Apple to remove thousands of unlicensed iPhone games in China

Apple App Store is removing games permitted to operate in China while awaiting licenses

Apple has removed tens of thousands of unlicensed Chinese apps from its iOS App Store. 

China’s government requires all games purchased, or those that offer in-app purchases, to go through a review process to get approval for licensing before publication. Currently, the Chinese iOS App Store has approximately 60,000 games, but only about a third of them have licenses.

Apple had previously allowed games awaiting licenses to go live, but the process is exceptionally slow, resulting in thousands of unlicensed games in the App Store. 

Some games that feature violence or other questionable imagery stand little chance of passing China’s review, but they’ve operated successfully under the previous Apple policy. 

In February, Apple issued a reminder to Chinese game developers to obtain their licenses by June 30, though it's not known how long it’ll take Apple to remove the games once the deadline passes. The move by Apple comes as it faces two antitrust investigations by the European Union.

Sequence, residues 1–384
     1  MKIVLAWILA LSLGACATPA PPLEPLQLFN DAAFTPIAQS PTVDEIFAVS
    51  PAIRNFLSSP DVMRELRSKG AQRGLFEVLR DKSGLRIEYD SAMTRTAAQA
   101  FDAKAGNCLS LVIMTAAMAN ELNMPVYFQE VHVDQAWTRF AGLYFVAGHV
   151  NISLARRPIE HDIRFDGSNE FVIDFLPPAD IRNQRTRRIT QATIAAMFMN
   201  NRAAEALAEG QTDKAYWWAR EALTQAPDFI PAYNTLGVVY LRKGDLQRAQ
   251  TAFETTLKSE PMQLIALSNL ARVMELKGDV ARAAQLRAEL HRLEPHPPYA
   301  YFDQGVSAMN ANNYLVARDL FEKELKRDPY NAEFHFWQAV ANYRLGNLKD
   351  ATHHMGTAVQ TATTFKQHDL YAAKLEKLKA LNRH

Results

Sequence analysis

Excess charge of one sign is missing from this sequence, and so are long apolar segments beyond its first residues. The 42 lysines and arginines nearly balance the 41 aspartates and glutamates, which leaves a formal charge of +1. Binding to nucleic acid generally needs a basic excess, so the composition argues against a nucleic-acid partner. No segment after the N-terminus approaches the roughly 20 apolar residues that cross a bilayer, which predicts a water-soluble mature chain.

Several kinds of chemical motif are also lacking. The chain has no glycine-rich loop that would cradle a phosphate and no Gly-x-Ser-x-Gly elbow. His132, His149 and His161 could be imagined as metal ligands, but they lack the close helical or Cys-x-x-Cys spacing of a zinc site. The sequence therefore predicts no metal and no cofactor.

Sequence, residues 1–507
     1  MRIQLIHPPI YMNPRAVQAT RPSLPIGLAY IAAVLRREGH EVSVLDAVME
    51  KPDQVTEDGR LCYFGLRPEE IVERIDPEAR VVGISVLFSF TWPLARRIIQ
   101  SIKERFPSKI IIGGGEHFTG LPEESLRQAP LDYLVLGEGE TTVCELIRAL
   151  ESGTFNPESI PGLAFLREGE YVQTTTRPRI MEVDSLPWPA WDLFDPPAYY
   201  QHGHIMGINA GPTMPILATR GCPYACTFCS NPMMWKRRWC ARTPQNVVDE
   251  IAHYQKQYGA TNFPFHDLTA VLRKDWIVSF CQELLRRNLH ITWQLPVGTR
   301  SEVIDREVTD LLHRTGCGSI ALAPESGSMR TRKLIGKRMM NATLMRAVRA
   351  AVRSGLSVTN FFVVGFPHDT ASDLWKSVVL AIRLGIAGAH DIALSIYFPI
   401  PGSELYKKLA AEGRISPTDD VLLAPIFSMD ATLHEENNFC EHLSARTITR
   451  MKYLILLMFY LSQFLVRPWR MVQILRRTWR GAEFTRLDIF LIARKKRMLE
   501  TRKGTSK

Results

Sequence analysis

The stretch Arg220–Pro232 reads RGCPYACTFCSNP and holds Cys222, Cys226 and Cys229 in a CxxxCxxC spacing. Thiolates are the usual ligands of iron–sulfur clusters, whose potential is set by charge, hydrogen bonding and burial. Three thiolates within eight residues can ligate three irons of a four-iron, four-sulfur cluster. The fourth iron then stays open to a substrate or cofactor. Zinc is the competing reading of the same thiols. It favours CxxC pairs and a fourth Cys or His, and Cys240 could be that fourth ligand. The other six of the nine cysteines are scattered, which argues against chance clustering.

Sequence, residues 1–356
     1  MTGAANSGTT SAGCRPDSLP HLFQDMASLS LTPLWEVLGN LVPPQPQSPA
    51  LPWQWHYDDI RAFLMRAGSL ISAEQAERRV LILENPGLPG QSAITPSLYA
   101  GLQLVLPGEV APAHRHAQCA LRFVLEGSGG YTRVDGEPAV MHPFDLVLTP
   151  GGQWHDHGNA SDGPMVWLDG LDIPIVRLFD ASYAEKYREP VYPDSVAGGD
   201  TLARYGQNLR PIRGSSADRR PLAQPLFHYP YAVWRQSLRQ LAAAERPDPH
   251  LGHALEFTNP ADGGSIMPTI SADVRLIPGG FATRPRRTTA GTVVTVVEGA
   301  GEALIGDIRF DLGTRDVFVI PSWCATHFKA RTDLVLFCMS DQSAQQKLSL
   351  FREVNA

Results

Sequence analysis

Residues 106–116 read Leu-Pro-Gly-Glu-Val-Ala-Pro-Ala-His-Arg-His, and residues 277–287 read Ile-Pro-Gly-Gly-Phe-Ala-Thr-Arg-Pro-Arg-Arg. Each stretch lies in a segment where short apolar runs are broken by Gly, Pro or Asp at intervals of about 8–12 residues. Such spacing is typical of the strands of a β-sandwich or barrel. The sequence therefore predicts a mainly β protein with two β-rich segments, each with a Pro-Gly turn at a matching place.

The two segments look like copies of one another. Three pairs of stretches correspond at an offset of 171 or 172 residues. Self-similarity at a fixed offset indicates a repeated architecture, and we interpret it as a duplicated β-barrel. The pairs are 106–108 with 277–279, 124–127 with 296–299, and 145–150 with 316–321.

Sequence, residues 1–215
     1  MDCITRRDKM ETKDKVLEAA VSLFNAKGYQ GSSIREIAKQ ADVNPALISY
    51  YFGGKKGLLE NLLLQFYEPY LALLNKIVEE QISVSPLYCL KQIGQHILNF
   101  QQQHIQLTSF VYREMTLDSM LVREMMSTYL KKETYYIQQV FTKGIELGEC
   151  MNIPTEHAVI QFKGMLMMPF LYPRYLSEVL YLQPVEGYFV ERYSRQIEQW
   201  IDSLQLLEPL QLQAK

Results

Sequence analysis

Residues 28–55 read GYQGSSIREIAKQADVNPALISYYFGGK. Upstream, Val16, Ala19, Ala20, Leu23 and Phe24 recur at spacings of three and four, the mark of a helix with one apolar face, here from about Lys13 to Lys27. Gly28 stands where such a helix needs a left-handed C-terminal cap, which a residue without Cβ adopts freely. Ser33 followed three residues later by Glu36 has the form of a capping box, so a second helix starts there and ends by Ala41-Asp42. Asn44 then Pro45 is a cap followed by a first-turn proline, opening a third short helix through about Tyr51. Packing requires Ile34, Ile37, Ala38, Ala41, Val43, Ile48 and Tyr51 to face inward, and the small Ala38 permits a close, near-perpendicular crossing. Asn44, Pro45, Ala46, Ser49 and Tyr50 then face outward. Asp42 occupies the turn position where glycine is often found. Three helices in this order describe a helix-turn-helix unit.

Some larger Chinese game developers like NetEase Inc. and Tencent Holding LTD have obtained licenses for their products, but smaller companies lack the resources to speed their games through the typically slow process. 

They could switch from their current revenue-generating models to in-app advertising to avoid the regulations, but that could hurt their games’ popularity. Another option is to merge with one of the larger companies, but that means giving up a majority share of their own company. Neither option is terribly desirable. 

Imported apps are facing even more scrutiny than Chinese games. For many U.S app makers, China represents the second-most profitable market, so losing it will be a big hit. The teleconferencing app Zoom recently gave in to the Chinese government as well, allowing China to censor certain Zoom users

China’s government is cracking down on gaming, claiming it is leading to addiction and the propagation of content deemed offensive. 

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